Sermons

Sun, May 07, 2017

Being church

Series:Sermons

The Anglican Bishop of Newcastle--

Greg Thompson--

has resigned in the wake of the Royal Commission into Institutional Child Abuse.

But it's not because he has done anything wrong.

Quite the opposite!

Himself a victim of clerical sexual abuse as a young man...

he has been outspoken in his support of victims...

and in trying to change the culture of secrecy in the church that supported paedophilia.

As a result, he has been subjected to intimidation and bullying.

He has received hundreds of abusive messages, including personal threats.

Screws have been found in the tyres of his staff members' cars.

Complaints have been laid with church authorities, questioning his fitness to be a bishop.

Some have privately tried to discredit him and his story.

He has even had parishioners turn their backs on him as he served communion to them at the cathedral.

Many, it seems, simply wanted to sweep the whole thing under the rug.

But, according to Bishop Thompson, 

"They are undermining the very things that they are supposed to believe in. The church is supposed to be a place of healing and compassion".

 

It almost goes without saying--

but he's absolutely right.

If protecting the church's image is more important than healing and compassion...

then something is fundamentally amiss.

They have, effectively, distorted the fundamentals of the Christian faith...

and completely failed to understand what it means to be "Church".

They have become so caught up in the institution that they call "Church"--

so caught up in its structures and its survival--

that they have actually stopped being "Church".

Martin Luther King jr once suggested that...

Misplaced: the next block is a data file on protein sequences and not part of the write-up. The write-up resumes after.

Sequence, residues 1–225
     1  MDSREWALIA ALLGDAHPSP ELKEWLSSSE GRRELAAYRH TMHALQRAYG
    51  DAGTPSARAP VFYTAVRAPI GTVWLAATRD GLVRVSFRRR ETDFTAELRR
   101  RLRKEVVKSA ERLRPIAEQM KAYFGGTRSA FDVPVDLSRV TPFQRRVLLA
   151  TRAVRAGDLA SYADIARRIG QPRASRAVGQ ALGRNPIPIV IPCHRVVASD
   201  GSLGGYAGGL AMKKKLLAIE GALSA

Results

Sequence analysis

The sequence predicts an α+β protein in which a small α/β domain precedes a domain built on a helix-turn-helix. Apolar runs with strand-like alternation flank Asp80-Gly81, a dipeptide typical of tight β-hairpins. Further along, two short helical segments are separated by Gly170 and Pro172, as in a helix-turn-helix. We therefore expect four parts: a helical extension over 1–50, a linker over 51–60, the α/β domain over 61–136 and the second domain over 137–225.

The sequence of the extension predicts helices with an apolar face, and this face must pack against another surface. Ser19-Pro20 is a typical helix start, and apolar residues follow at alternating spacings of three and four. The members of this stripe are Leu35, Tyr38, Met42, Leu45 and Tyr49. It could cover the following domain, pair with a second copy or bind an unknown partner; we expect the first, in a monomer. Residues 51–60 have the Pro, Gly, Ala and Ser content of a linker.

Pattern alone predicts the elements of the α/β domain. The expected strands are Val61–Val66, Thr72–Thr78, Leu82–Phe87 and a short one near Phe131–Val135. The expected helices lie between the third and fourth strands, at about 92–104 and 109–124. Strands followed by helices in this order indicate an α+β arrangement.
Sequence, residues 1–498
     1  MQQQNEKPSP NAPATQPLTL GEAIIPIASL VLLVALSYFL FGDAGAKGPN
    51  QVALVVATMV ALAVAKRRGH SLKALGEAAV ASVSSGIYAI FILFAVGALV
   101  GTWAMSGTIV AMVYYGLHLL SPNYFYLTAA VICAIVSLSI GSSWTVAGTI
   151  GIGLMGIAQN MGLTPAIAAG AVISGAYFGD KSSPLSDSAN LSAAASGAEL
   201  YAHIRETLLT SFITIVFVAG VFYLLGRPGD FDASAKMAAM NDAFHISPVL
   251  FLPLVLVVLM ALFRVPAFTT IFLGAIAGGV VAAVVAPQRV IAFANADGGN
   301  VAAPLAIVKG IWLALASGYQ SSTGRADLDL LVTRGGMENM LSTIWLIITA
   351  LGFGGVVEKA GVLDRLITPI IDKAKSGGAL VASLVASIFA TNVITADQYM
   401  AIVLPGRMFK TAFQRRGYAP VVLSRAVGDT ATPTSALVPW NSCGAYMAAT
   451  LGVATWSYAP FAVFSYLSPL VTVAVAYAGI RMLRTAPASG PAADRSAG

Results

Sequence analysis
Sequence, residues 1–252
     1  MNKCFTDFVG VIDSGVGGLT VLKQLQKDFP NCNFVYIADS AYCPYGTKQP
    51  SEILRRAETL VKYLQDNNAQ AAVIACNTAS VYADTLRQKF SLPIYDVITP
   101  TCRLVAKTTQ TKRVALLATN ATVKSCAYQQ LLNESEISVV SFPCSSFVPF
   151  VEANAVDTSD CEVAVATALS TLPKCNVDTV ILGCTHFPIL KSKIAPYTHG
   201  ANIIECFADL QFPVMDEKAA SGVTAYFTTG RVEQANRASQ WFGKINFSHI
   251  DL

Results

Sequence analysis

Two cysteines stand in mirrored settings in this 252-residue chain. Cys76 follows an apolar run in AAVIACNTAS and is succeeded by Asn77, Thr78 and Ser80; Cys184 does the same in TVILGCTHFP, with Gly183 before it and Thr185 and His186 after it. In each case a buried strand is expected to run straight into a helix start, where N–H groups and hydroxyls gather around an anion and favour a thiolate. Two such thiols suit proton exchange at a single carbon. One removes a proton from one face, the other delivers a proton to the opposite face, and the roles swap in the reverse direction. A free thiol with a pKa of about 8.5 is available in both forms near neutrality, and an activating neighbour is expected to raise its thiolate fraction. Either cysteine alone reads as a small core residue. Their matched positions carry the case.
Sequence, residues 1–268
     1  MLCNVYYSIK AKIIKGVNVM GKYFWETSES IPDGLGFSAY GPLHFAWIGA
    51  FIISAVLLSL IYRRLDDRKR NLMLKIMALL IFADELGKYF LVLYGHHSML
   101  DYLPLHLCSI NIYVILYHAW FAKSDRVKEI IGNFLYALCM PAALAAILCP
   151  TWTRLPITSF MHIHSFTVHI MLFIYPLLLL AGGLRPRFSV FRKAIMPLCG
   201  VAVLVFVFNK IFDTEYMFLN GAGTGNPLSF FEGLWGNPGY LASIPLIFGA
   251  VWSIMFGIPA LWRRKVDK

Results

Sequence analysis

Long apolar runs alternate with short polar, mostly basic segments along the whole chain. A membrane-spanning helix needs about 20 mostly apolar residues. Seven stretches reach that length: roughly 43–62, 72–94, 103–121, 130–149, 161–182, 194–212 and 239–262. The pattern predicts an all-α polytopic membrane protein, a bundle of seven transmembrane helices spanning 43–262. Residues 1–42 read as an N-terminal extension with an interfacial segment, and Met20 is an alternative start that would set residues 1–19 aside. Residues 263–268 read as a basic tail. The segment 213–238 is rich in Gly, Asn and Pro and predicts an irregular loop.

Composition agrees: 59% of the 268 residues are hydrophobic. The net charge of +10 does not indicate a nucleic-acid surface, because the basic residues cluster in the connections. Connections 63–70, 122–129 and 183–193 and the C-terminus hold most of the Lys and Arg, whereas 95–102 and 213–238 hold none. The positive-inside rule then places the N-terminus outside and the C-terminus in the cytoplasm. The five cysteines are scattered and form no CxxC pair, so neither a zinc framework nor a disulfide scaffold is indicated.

"If the church does not recapture its prophetic zeal, it will become an irrelevant social club without moral or spiritual authority".

If a church's life is not, fundamentally oriented towards healing and compassion;

if it does not speak out against that which is unjust...

or life denying...

or just plain evil...

then, whatever else it is and whatever else it is doing...

it is not longer 'church'.

And yet, in a sense, it also goes deeper than that.

At the most primal level, the function of the Church--

its very raison d'ˆtre--

is to enable a transformative encounter with the living God;

and to foster a sense of the divine mystery.

As such, it is called to be open--

open to change...

open to new ideas...

open to new and radically different ways of understanding and experiencing God...

and God's relationship with humanity and the whole of creation.

It's in light of that, that the Church is called to "worship";

that is, what we call 'worship' is our response to the God whom we have experienced.

And that response-- 

"worship"--

is far more than just what happens in a church building on a Sunday.

It's about who we are. 

It's about how we live.

It's about how our experience of God informs and shapes our everyday lives.

But, even more than that, as Dietrich Bonhoeffer once said:

"The Church is her true self only when she exists for humanity".

Our response to God--

our worship--

is not simply something individualistic, esoteric, or ephemeral...

it's grounded in the way that we live, practically.

To continue quoting from Bonhoeffer--